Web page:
Thanks!

      • rawena

        What exactly is a root url of a browser? https://localhost doesn't load and I cant see a lock there?
        Sorry, I am new here!

  • Rasty

    I am trying to access service with pfx file. In soap ui it works but it does not work with postman. Followed mentioned steps of adding pfx to trusted root and tried creation of user with ignore certification error. None of it works. Can you please let me know what maybe wrong

  • I am using Xubuntu 14.04 and i tried to export the certificate as you have mentioned in the above steps and imported the same in the Google Chrome browser(Version 34.0.1847.132). After the browser restart the Postman app in browser works fine but the packaged app throws 401 error. What could be the issue ?

  • On Linux, using Chrome UI to import didn't work for me, but CLI certutil as documented here https://code.google.com/p/chromium/wiki/LinuxCertManagement did the trick.

  • tuxdna

    This solution doesn't work.

    What about the case when Postman makes a direct connection for Access Token Request. See RFC-6749: http://tools.ietf.org/html/rfc6749#section-4.1.3

    In this case if the SSL certificate of OAuth2.0 Provider server is self-signed, then it fails with Error: A website error has occurred. The website administrator has been notified of the issue. Sorry for the temporary inconvenience.

    Essentially this URL: https://www.getpostman.com/oauth2/callback?code=09D7F681C0827BC663D90148DE4EFE8F82F412C2&state=

    I believe that the Chrome Postman extension should have an option to specify a workaround so that http://www.getpostman.com knows that the target server is a self-signed certificate.

  • Worked before. Not working now… Anything changed recently?

  • masiminder

    Worked before. Now, with chrome v 37 they changed the SSL checking. The CN now HAS TO match the site you visit and there seems to be no option to disable that enduser bs. In my case I got a cert that has no URL CN given, which makes it impossible to postman to work with it. Can't belive google has not build in an dev option to disable ssl checking for certain sites and / or options to disable some SSL-check options (like CN checking).

    BTW maybe interesting for this article: with chrome v 38 there is an experimental flag to "remember" (for some time) the "trust this site anyway" option. However, in my case this dosn't help: CN will be checked anyway.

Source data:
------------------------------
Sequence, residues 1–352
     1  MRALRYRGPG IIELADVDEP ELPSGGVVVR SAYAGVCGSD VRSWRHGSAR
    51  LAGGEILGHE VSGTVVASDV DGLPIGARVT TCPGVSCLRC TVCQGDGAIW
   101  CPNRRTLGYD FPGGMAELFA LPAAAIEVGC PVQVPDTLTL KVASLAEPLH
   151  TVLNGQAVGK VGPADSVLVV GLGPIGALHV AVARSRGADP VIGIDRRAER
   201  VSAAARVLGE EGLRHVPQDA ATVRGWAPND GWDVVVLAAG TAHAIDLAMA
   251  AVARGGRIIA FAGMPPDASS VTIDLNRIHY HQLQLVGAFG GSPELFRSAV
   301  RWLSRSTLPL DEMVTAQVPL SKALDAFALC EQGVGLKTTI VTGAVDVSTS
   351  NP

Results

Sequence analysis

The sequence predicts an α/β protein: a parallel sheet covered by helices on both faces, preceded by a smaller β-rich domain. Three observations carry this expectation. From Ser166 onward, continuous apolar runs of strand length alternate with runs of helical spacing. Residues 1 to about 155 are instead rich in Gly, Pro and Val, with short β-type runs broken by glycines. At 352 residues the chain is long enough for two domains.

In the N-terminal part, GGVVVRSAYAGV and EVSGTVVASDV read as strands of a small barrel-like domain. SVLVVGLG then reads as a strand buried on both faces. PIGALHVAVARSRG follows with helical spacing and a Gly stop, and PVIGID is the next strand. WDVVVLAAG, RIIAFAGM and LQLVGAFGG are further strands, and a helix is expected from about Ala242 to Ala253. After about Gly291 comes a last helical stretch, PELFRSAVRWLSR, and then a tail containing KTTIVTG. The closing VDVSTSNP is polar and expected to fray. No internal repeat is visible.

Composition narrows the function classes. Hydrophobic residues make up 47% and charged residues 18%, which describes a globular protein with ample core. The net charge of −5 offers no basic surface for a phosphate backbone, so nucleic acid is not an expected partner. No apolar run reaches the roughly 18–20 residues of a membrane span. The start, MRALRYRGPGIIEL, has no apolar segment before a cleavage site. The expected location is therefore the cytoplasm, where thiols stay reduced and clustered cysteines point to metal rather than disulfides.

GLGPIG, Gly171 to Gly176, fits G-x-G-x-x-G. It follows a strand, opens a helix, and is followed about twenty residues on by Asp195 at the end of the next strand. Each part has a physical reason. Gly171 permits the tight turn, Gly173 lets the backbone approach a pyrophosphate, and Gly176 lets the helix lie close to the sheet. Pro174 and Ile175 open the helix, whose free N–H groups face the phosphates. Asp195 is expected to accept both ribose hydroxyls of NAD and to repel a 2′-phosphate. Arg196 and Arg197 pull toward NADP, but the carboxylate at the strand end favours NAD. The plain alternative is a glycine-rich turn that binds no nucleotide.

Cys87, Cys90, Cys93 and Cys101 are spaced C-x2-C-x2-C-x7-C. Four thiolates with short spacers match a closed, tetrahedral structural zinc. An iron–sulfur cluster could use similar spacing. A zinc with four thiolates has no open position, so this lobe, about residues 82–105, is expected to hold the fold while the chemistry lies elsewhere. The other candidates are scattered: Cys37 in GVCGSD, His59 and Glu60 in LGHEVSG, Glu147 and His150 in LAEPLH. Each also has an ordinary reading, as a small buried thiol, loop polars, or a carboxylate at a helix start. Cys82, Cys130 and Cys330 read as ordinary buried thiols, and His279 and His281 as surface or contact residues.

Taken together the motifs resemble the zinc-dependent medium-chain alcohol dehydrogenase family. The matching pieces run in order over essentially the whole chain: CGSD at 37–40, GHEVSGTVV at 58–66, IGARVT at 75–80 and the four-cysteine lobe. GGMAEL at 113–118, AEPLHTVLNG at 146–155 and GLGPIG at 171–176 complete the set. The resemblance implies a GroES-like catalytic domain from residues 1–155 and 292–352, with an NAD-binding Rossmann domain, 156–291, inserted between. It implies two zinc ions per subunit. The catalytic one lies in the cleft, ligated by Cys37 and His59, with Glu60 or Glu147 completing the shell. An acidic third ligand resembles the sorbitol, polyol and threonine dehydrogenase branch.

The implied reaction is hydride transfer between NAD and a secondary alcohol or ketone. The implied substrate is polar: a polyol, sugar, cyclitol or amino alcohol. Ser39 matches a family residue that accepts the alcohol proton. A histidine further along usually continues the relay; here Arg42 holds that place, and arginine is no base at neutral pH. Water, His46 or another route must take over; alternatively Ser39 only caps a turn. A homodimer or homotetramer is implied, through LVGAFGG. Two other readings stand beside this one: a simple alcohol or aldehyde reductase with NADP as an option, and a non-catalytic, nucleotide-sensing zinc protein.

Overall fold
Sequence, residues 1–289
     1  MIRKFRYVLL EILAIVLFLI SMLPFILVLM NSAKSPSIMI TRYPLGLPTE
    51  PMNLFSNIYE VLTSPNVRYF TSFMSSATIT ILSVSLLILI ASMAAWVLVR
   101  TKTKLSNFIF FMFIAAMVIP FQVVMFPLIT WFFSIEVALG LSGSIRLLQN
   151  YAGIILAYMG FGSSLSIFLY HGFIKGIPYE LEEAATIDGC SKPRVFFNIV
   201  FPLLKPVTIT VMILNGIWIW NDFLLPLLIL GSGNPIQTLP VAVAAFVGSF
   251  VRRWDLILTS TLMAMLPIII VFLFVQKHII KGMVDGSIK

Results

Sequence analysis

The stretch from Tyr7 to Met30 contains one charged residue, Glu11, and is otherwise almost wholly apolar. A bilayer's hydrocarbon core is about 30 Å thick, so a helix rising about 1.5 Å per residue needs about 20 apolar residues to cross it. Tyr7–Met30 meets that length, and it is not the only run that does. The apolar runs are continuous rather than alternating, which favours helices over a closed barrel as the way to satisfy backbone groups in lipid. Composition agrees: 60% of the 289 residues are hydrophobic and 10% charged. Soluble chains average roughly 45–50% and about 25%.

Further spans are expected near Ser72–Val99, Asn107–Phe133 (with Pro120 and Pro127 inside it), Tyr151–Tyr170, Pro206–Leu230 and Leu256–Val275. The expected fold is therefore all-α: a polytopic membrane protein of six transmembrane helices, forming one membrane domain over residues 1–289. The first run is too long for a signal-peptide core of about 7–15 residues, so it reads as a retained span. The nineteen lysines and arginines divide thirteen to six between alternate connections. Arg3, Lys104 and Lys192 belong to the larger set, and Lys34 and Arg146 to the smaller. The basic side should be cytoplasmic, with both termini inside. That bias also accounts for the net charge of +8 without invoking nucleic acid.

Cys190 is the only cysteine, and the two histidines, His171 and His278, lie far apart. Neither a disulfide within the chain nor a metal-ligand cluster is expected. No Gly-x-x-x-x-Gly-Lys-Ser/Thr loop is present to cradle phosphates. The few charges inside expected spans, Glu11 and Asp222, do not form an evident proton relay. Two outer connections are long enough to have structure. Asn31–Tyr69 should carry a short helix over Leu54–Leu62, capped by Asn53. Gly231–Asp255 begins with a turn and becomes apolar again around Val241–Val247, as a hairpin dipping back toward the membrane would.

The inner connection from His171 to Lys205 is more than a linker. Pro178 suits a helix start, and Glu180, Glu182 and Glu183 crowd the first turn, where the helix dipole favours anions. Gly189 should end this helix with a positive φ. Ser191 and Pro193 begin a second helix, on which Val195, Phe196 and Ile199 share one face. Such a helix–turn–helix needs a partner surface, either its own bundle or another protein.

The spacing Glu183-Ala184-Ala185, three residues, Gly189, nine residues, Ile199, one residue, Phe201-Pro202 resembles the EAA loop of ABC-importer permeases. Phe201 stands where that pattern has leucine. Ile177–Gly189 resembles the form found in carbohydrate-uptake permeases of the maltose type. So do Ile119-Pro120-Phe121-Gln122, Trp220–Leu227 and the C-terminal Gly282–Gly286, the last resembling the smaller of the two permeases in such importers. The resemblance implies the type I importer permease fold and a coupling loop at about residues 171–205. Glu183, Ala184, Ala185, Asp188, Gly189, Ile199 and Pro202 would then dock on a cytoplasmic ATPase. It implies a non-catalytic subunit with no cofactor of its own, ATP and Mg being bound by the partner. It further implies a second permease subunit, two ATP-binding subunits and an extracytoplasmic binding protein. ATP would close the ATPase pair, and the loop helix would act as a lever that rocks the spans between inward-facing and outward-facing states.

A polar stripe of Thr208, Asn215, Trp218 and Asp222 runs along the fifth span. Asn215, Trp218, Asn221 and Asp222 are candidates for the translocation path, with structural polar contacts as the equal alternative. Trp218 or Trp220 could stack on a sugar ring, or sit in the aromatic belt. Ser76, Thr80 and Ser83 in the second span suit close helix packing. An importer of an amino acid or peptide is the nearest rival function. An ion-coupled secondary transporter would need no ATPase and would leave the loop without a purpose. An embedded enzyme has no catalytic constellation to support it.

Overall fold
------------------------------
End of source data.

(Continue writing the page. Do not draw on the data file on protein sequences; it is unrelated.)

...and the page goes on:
• rawena

    What exactly is the root url of a browser?
    Sorry, I am new to networking!

  • Sourabh Sharma

    This solution is not working…..I followed the following steps but still,I am not able to do the POST request.

  • Alice Abrams

    Thank you. This resolved the browser cert issues on my Macbook Pro OS X Yosemite 10.4.4.

  • Ankit Thakral

    is there a way by which we can disable the ssl authentication ,
    Seems like solution is not working on my MAC .
    I am using OS X yosemite 10.10.5

  • amertkara

    Localhost only solution:

    Visit: chrome://flags/
    Search for (Ctrl+F, Cmd+F): Allow invalid certificates for resources loaded from localhost

    Enable it.

    • TheEmirOfGroofunkistan

      This works well, thank you

  • concerned_1kenyan

    not working. worked the first time. But on subsequent tests, i get the same error 'Could not get any response'

  • shahidhk

    The above mentioned method do not work on linux systems. As Michael Vorburger mentioned in the comment below, need to use a CLI tool as mentioned here: https://chromium.googlesource.com/chromium/src/+/master/docs/linux_cert_management.md.

    The command that needs to be executed for self-signed certificates after exporting is

    certutil -d sql:$HOME/.pki/nssdb -A -t "P,," -n -i

  • I don't use Postman, but I had a similar issue with Power Query. This was crazy helpful!
    Thanks a lot for putting it together.

  • Decent post! Of course SSL Certificate is a must to provide a beefed up website security for a safe shopping environment & to keep hackers away!

  • Nice post! This blog provides rightful information on using self-signed SSL certificates with Postman!

  • FunkyBob

    Last step fails on Linux for me… Chrome says there's no issuer certificate in the file.

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  • Daniel

    Working for windows, thanks.

  • Thanks work for me in Windows 10

  • exceed limit of date

    i do as said above,but it shows that certification exceed date…how should i do.

  • Anup

    how can i change the selected certificate among the list of configured certificates while sending the request.